Stan Freberg’s Long Career, in Short
The Paley Center for Media, which has locations in both New York and LA, dedicates itself to the preservation of television and radio history. Inside their vast archives of more than 150,000 television shows, commercials, and radio programs, there are thousands of important and funny programs waiting to be rediscovered by comedy nerds like you and me. Each week, this column will highlight a new gem waiting for you at the Paley Library to quietly laugh at. (Seriously, it’s a library, so keep it down.)
You may not know the name Stan Freberg, but you’ve definitely felt his influence. His career has lasted decades, first breaking into show business as a voice actor in 1944 before marching to the beat of his own snare drum. Let’s first introduce the milestones in his career that you may already be familiar with: in the classic Looney Tunes cartoons he voiced many characters including Pete Puma, Chester the Terrier, and took over the rules of Junyer Bear and Beaky Buzzard. His first record released under his own name, a parody of soap operas which is comprised solely of the couple saying “John” and “Marsha” with different intonations, sold a quarter million copies and reached #21 on the Billboard charts. You may know it from the premiere episode of Mad Men’s fourth season when Peggy and Joey act it out to one another in the break room. In addition to that, Freburg managed to make his mark on records, radio, and eventually the entire world of advertising. You may not know it, but that modern biting, satirical comedy you enjoy may not be so modern as you thought.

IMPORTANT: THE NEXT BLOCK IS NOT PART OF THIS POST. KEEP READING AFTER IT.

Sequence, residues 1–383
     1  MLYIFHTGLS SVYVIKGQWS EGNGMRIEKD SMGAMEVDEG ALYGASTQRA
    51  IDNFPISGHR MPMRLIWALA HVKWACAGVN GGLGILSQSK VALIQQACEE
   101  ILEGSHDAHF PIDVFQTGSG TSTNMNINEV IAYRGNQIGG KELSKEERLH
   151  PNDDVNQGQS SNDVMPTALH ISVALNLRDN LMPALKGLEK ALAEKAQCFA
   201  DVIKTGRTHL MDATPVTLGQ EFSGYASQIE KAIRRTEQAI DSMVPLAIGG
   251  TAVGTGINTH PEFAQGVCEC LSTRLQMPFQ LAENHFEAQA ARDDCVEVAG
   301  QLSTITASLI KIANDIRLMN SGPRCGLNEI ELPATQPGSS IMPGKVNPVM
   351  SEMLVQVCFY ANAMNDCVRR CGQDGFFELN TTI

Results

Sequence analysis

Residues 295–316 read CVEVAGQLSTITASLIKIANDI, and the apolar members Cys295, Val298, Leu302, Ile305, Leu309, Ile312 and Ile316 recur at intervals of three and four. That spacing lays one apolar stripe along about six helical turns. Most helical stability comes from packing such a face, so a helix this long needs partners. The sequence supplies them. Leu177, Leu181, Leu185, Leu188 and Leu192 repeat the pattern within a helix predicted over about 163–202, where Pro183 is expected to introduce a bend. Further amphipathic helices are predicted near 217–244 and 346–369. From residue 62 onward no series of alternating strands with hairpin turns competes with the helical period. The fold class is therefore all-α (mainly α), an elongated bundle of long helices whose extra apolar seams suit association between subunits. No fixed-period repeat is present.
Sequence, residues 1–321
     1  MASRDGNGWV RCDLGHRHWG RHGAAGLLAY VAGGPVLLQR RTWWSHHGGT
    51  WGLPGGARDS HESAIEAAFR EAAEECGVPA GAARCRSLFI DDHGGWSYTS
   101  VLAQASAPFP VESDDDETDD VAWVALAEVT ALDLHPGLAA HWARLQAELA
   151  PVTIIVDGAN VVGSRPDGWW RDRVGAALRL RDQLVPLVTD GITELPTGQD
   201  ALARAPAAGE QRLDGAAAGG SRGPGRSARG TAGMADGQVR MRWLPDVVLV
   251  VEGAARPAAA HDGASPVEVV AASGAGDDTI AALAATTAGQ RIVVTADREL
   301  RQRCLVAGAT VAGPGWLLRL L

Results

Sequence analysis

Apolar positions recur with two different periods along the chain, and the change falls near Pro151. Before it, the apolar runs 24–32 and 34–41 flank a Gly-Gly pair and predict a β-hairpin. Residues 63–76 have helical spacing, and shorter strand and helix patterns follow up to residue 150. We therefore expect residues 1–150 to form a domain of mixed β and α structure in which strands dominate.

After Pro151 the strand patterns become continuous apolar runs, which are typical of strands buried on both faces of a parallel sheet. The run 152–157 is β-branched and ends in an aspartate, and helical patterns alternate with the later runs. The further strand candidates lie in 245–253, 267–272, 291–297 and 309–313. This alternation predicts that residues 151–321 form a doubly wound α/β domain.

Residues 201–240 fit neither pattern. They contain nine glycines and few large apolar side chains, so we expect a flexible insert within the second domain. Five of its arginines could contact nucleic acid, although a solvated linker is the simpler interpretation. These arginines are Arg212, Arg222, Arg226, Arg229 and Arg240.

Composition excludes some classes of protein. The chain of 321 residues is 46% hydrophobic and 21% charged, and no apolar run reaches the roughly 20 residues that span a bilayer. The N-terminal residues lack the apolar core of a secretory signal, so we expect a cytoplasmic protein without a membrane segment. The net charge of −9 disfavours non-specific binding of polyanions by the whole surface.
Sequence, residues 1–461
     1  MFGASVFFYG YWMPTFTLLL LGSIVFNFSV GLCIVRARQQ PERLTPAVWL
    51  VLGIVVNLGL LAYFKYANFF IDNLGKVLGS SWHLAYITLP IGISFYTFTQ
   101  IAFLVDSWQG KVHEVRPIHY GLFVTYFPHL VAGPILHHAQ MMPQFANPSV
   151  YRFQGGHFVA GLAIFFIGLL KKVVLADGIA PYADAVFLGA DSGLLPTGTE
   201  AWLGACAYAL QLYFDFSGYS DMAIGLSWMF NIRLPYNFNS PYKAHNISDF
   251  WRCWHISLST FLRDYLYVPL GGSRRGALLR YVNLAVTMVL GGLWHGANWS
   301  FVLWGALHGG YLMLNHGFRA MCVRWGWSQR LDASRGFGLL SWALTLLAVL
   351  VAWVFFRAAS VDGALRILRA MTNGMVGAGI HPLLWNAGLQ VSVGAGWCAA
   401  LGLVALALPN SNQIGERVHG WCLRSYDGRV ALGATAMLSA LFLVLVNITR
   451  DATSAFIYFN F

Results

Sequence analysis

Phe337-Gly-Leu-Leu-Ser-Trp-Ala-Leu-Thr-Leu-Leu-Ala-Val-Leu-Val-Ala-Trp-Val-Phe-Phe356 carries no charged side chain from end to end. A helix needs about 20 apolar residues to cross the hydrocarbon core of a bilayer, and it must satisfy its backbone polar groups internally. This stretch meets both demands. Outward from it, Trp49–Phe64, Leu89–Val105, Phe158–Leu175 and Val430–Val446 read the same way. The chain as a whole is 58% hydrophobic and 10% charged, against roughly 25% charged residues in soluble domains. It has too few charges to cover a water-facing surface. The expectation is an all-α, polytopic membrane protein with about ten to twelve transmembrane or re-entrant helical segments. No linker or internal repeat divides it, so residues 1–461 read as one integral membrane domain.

At his initial meeting with Capitol Records, after playing them the demo for “John and Marsha,” Freberg told the executives that he wanted to satirize whatever was on the pop charts at the time and release it immediately. Capitol was game, and thus began a long string of these unique satires. He takes down all of rhythm and blues with his version of The Coasters’ “Sh Boom (Life Could Be a Dream)” in which the lead singer commands the rest of his singers to sing more unintelligibly. His parody of “Banana Boat (Day-O)” is less a song and more of a sketch in which the bongo player forces the singer to stop shouting Day-O in his ear, eventually getting him to go outside the recording booth. His parody of Elvis’ “Heartbreak Hotel” goes a different route from what you might expect from a skewering of Elvis. After playing it on his podcast, Scott Aukerman described the song aptly: “[it made] fun of a very specific aspect of Elvis’ career: how much echo he used. On one song.”
Not content to just stay with pop music, Freberg also had great success parodying popular TV of the day. His most popular, a parody of Dragnet, set in medieval times called (obviously) “Dragonet” that some credit with the spread of the catchphrase “just the facts, ma’am.” Other shows that got this treatment include Lawrence Welk, Edward R. Murrow’s Person to Person, The Honeymooners, and The Lone Ranger.